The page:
The member D of the strut is substantially the same as the corresponding member of the strut shown in Fig. 1, and the memberE' is similar in construction to the member D, and the two members are held normally in place by the tensile strength of a wire I, one end of which is securely anchored to the thermostatic element II and the other end of which has a cross-head e, that rests upon the extremities of the arms d e of the two parts of the strut. By increasing the tension upon the wire the point of contact between the two parts of the strut will be brought nearer the line of force passing through the strut, and the two parts will act as a toggle and hold the cap 0 upon its seat, and, on the other hand, by decreasing the tension the two parts of the strut are permitted to move in the direction of the arrow, and when they shall have moved in this direction far enough to disengage the arms d e from the cross-piece eor permit them to disengage the two parts of the strut will fall apart and permit the cap to be dislodged.
As shown in the drawings, the thermostatic element consists of a tube h, of metal, preferably aluminium-bronze, within which is a core h, preferably of vulcanite; but I desire to have it understood that anyother two materials that will produce the desired result may be used. As shown in the drawings, the tube h has one of its ends screwed into the yoke B, as shown at b,so that the tube itself is incapable of moving in the direction of its eonvolutions, and its other end is passed through a perforated lug or ear g on the base G. The tube may or may not be secured in this lug so as to be incapable of movement, or, if desired, it may be secured here and left free at the point I), the requirements of the device being met by simply anchoring it securely at one point or another. This thermostatic element is coiled around the outside of the frusto-conical base G, and near one of its ends it is curved abruptly, as shown at H, in order to lead its end into the yoke B and in position to engage the strut. At the other end of the thermal element the core and the surrounding tube are permanently and immovably secured, so that it is impossible for the core to move relatively to the tube, and, if desired, in order to insure this the end of the tube may be closed up. A core made wholly of vulcanite will give satisfactory results; but in order to increase its strength (especially where it is to be used as shown in Fig. 4;) I prefer to mold it around a coil h2 of wire, preferably copper. In constructing this element the core is inserted in the tube while both are straight. The end of the tube is then screwed into the yoke, and the element is then coiled around the frustoconical base G, and then its end inserted in the perforation of the lug g. In operation both the tube and the core will expand under the influence ofheat; but the core being of a material which expands more readily and to a greater extent than the tube it will creep within the tube, so that when'arranged as shown in Figs. 1 and 5 the plug h is forced against the strut with sufficient force to buckle it, and when arranged as shown in Fig. 4 the tension on the wire I decreases and permits the strut to buckle.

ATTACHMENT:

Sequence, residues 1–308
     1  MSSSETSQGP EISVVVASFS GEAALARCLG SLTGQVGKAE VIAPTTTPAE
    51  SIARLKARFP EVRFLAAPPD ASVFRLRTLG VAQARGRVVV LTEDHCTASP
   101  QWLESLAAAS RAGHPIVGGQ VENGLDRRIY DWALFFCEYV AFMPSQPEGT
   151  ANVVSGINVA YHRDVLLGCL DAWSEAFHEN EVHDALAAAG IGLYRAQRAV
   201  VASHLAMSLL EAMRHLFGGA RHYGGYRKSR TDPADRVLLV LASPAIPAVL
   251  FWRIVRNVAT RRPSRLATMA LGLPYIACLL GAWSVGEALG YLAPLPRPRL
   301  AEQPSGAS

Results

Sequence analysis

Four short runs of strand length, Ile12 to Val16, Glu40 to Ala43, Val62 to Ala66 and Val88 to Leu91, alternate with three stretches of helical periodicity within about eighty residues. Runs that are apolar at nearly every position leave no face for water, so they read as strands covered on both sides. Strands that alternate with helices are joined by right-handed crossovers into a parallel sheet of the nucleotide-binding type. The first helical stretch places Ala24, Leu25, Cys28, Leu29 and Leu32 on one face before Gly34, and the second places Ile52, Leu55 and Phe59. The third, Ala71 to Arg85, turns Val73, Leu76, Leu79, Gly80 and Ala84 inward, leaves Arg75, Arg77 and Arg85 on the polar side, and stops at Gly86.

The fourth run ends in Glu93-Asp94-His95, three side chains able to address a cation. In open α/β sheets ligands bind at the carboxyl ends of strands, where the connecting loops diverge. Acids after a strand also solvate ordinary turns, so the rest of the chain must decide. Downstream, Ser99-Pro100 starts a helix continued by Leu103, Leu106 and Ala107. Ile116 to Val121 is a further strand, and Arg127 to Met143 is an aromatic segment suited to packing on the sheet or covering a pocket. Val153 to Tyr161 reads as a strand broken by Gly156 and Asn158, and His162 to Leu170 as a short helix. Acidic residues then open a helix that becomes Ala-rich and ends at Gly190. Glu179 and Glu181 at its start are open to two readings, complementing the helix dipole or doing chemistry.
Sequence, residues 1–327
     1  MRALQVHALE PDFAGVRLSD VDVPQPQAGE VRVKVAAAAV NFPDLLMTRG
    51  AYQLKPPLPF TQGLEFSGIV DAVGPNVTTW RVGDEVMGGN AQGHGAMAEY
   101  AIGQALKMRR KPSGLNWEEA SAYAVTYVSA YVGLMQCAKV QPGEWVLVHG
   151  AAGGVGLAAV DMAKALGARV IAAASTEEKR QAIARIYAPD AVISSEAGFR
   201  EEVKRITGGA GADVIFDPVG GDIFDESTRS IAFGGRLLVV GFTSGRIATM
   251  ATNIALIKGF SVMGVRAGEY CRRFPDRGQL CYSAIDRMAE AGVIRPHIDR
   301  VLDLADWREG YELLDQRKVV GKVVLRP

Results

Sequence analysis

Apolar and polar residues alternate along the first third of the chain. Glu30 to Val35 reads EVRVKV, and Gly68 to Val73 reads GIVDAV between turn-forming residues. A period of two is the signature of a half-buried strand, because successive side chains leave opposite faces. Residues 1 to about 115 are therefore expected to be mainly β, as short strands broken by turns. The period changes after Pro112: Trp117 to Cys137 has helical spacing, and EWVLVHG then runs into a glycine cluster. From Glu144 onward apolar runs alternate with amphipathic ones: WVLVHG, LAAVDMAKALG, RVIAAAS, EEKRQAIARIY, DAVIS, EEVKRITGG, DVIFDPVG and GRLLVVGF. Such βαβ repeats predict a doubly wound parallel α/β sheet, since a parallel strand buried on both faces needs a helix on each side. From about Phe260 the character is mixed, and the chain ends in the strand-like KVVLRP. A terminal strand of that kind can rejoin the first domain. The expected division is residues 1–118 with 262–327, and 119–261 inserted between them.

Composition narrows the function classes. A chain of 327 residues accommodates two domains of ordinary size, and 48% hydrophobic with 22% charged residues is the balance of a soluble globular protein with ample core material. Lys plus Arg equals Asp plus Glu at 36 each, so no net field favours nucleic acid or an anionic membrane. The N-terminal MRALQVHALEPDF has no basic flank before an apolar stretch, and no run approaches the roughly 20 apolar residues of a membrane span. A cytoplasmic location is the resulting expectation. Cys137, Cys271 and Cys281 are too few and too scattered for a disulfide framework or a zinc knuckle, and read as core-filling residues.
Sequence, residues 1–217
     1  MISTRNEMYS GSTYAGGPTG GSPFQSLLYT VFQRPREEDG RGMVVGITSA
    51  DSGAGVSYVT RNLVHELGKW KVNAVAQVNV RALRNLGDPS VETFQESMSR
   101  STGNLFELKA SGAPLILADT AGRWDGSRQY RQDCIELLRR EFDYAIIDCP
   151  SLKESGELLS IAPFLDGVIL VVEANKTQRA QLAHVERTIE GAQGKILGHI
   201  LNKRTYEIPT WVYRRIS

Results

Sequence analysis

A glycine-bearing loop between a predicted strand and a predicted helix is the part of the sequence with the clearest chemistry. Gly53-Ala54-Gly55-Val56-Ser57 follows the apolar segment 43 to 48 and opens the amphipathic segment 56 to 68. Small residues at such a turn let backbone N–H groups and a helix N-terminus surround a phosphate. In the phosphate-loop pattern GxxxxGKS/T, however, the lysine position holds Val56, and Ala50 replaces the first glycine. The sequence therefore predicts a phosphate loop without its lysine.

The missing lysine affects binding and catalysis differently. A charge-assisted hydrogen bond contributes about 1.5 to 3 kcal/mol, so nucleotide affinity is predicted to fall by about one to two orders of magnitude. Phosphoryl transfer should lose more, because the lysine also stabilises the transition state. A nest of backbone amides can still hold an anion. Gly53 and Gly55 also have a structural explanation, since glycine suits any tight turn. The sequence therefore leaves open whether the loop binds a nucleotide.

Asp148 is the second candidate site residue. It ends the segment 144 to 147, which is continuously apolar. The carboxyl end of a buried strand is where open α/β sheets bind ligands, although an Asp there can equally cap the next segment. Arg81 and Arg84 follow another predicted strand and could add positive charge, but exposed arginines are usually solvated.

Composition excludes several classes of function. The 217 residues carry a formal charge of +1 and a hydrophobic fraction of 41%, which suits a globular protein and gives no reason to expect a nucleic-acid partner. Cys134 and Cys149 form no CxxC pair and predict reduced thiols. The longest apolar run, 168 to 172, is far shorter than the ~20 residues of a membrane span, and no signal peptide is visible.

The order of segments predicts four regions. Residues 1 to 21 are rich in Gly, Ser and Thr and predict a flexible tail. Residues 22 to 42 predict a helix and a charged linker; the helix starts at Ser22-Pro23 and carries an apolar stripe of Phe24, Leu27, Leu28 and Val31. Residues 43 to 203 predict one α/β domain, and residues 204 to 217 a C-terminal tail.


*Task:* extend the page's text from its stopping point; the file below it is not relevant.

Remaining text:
The working surface of the cap 0 is spherical, so that the cap may be rocked or slipped without moving its working surface away from its seat. The cap is provided in its top with a socket in which the lower end of the part D of the strut fits, so that the cap must partake of the lateral movements of said part, and in this way as the head is firing any possible corrosion is broken away and the head left free to be dislodged.
Secured to the top side of the cap is a spring 0, constructed in the form of a diaphragm having concentric corrugations. This spring has a central opening through which the reduced end of the strutpasses, and the spring bears against the shoulder resulting from this reduced end, so that when the strut buckles the spring in resuming its normal position (indicated by dotted lines) will give the part D of the strut a slip and insure its perfect dislodgment, the reaction of the spring serving also to dislodge the cap.
The novel features of the deflector D are its cup shape, its wings g, arranged within the cup so as to chord the periphery thereof, said wings extending below the bottom thereof, and openings g, located adjacent to the wings, which openings when viewed in the direction of the arrow as are elliptical in shape and are located in the downturned flange of the cup.
Having thus described my invention, the following is what I claim as new therein and desire to secure by Letters Patent:
1. In a sprinkler head the combination with the closure and means including a strut for holding it in normal position, of a releasing device consisting of a thermostatic ele-' ment made of materials of different expansibility, said element being so arranged with relation to the strut that when subjected to a predetermined degree of heat its expansion causes the displacement of the strut, substantially as set forth.
2. In a sprinkler head the combination with the closure, of a releasing device consisting of a thermostatic element made of a tube and a core fitting within the tube and having embedded in it a coil of wire, the tube and core being of materials of different eX- pansibility and so arranged with relation to the other parts that when subjected to apredetermined degree of heat their differential expansion will cause the closure to be released, substantially as set forth.
3. In a sprinkler head the combination with the closure and means by which it is held normally closed, of a releasing device consisting of a thermostatic element made of a tube and a core within the tube, the tube and core being of materials of different expansibility, and means for anchoring the tube, the thermostatic element being coiled and having one of its ends arranged in operative proximity to the holding means aforesaid, substantially as set forth.
4. In a sprinkler head the combination with the closure and means for holding it normally closed, of a releasing device consisting of a thermostatic element made of a tube and a core within the tube, the tube and core being of materials of different expansibility, means for anchoring the tube and an adjustable plug arranged in the tube at the end of the core and in operative proximity to the holding means aforesaid, substantially as set forth.
5. In a sprinkler-head, the combination of a nozzle, a cap closing it, a strut engaging the cap, and a diaphragm engaging the cap and strut, the diaphragm being provided with an opening through which the strut engages the cap, substantially as set forth.
6. In a sprinkler-head the combination of a nozzle, a cap having a socket, a strut having a reduced end fitted in said socket, and a diaphragm secured to the cap and having a perforation through which the strut passes, said diaphragm having concentric corrugations and arranged to bear against the shoulder resulting from the reduced end of the strut, substantially as set forth.
GEORGE E. IIIBBARD. W itnesscs L. M. HOPKINS, S. E. SHARON.